But I suppose it's not for everyone.

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#2

Re: Will You Wait to Buy a Smartphone?

12/08/2010 11:33 PM

I will probably wait many, many years before I buy a smart phone. I already have too many connectivity distractions- I don't need any more...

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Anonymous Poster
#5
In reply to #2

Re: Will You Wait to Buy a Smartphone?

12/09/2010 10:09 AM

Hi Warner,

You use the right word: DISTRACTIONS. I support your idea, Gil.

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Anonymous Poster
#3

Re: Will You Wait to Buy a Smartphone?

12/09/2010 9:59 AM

Hi Moose,

Yes, I wait to buy a smartphone. And, I add the foolwing question that supposed to be in the title: "Why?"

To answer to the second and valueable question, I don't think that I will own one because I don't need as many owners just show off with it.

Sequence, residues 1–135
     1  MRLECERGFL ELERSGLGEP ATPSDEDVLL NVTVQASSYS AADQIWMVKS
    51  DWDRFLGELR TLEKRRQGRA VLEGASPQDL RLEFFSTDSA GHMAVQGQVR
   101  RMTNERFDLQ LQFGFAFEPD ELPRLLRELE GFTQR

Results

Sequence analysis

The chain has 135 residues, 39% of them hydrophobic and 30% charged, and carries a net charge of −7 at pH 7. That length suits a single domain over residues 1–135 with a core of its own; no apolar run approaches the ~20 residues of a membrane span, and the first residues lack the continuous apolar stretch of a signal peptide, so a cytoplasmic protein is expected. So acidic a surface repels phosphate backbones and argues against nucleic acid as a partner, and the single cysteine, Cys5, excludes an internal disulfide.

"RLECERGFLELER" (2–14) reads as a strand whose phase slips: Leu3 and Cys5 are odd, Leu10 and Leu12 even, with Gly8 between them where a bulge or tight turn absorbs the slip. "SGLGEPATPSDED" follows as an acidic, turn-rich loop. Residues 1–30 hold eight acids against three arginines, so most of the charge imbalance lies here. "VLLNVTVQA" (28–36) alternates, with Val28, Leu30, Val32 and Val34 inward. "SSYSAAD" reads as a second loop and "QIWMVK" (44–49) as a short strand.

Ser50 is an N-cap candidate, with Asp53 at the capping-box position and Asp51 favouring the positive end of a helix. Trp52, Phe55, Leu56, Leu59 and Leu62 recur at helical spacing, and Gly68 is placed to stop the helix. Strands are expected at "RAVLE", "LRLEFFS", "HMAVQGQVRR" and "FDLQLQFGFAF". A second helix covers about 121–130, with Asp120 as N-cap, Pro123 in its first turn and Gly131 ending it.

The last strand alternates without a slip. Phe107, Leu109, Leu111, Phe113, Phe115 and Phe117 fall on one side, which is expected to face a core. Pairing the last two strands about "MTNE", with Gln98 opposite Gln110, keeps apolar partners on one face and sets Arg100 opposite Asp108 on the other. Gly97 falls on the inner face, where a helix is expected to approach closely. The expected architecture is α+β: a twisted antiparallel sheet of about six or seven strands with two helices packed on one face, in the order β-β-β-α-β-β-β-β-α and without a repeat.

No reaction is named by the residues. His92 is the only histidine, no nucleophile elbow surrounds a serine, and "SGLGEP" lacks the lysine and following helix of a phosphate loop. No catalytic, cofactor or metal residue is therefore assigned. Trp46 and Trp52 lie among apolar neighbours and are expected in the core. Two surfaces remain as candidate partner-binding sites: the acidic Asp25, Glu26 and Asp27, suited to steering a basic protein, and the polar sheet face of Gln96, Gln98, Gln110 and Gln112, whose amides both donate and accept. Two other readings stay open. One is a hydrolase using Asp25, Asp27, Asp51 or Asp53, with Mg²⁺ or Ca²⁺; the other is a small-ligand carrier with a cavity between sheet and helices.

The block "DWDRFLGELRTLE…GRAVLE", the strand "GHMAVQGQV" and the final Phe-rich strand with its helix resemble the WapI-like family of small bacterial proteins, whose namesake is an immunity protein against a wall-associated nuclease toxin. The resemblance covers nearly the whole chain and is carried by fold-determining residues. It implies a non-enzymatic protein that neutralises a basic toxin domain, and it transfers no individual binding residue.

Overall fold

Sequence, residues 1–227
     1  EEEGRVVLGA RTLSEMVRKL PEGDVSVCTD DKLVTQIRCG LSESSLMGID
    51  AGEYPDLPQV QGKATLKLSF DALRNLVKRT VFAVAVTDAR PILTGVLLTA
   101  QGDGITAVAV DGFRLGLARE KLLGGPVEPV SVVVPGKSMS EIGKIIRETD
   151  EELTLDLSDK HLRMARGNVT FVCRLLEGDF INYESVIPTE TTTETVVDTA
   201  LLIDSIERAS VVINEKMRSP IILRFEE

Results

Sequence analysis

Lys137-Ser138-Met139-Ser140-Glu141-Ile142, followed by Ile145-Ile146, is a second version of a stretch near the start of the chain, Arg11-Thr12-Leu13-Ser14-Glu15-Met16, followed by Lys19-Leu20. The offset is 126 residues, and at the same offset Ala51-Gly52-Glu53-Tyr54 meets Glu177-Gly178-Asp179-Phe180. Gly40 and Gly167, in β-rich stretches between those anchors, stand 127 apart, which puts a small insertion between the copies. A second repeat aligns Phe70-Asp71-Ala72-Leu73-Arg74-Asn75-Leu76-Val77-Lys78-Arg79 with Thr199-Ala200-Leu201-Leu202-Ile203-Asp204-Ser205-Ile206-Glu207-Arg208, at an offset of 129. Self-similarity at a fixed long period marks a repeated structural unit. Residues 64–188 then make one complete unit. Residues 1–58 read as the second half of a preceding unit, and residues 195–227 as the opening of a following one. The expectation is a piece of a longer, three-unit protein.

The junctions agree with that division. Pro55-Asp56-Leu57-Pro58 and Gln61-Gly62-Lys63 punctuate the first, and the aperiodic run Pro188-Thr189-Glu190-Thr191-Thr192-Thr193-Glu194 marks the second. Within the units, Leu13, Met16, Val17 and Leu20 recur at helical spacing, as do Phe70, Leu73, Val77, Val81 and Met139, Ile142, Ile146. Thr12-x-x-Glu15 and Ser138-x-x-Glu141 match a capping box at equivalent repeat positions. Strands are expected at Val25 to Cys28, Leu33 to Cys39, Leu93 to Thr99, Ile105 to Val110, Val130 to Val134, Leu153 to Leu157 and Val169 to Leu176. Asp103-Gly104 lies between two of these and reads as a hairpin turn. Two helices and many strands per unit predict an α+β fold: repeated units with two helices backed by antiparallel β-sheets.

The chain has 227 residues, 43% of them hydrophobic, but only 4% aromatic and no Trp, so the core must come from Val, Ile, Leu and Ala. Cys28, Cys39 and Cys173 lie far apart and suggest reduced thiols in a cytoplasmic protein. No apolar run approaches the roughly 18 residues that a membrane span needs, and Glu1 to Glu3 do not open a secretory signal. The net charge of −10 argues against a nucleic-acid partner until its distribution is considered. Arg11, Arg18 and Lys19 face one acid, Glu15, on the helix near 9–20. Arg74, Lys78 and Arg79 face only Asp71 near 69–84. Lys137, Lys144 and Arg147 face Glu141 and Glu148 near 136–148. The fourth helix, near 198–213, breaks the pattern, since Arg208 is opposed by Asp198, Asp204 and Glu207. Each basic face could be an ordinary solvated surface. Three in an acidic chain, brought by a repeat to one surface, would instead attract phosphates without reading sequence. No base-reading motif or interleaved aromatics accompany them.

This is a modern "gadget" as was the "hoola hoop" and many others just came and gone. Use Paretto's law, 80/20 and repeat on 80 to 64/14 and 20 to 16/4 and and we discover and see that we don't need. I have a cellphone without any other function and use for business and others. If I need to make a picture, I will use my 16 years old camera.

It's good business and that's all, Gil.

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#6

Re: Will You Wait to Buy a Smart phone?

12/09/2010 10:40 AM

I will wait for a SMART phone that is "smart enough" NOT to function or allow use while I am driving. Yes, the phone will know that I am at the wheel in heavy traffic and will, at least, automatically reply to messages or calls, "I am driving. Wait just a cotton-pick-en minute while I find a safe condition to respond" and remind me (voice says "Caution, driving conditions are hazardous. It is NOT smart to use this phone while driving. Your calling (or messaging) party has been notified" (feature patent pending).